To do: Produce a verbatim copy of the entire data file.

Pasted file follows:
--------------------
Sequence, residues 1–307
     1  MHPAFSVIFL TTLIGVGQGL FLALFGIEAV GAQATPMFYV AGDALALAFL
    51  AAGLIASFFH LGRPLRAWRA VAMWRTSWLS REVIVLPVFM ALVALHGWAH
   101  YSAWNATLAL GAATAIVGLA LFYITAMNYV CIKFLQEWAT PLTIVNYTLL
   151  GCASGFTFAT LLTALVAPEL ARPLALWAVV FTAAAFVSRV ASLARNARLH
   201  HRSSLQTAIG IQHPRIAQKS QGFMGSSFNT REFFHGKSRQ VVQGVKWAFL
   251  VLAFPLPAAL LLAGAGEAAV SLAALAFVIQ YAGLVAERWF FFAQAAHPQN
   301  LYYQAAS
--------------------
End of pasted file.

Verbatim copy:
Sequence, residues 1–307
     1  MHPAFSVIFL TTLIGVGQGL FLALFGIEAV GAQATPMFYV AGDALALAFL
    51  AAGLIASFFH LGRPLRAWRA VAMWRTSWLS REVIVLPVFM ALVALHGWAH
   101  YSAWNATLAL GAATAIVGLA LFYITAMNYV CIKFLQEWAT PLTIVNYTLL
   151  GCASGFTFAT LLTALVAPEL ARPLALWAVV FTAAAFVSRV ASLARNARLH
   201  HRSSLQTAIG IQHPRIAQKS QGFMGSSFNT REFFHGKSRQ VVQGVKWAFL
   251  VLAFPLPAAL LLAGAGEAAV SLAALAFVIQ YAGLVAERWF FFAQAAHPQN
   301  LYYQAAS